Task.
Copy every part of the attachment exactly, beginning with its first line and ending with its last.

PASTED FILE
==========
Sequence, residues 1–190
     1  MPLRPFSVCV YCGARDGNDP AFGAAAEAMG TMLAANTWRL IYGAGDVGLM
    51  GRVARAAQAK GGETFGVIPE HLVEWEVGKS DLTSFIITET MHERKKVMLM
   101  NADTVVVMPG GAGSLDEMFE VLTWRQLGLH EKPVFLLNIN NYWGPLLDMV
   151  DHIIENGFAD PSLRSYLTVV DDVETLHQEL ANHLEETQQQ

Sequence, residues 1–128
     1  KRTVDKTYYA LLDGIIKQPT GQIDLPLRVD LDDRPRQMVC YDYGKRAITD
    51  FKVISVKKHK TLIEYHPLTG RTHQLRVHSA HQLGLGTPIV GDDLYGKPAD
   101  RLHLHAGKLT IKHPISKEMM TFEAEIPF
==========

Sequence, residues 1–190
     1  MPLRPFSVCV YCGARDGNDP AFGAAAEAMG TMLAANTWRL IYGAGDVGLM
    51  GRVARAAQAK GGETFGVIPE HLVEWEVGKS DLTSFIITET MHERKKVMLM
   101  NADTVVVMPG GAGSLDEMFE VLTWRQLGLH EKPVFLLNIN NYWGPLLDMV
   151  DHIIENGFAD PSLRSYLTVV DDVETLHQEL ANHLEETQQQ

Sequence, residues 1–128
     1  KRTVDKTYYA LLDGIIKQPT GQIDLPLRVD LDDRPRQMVC YDYGKRAITD
    51  FKVISVKKHK TLIEYHPLTG RTHQLRVHSA HQLGLGTPIV GDDLYGKPAD
   101  RLHLHAGKLT IKHPISKEMM TFEAEIPF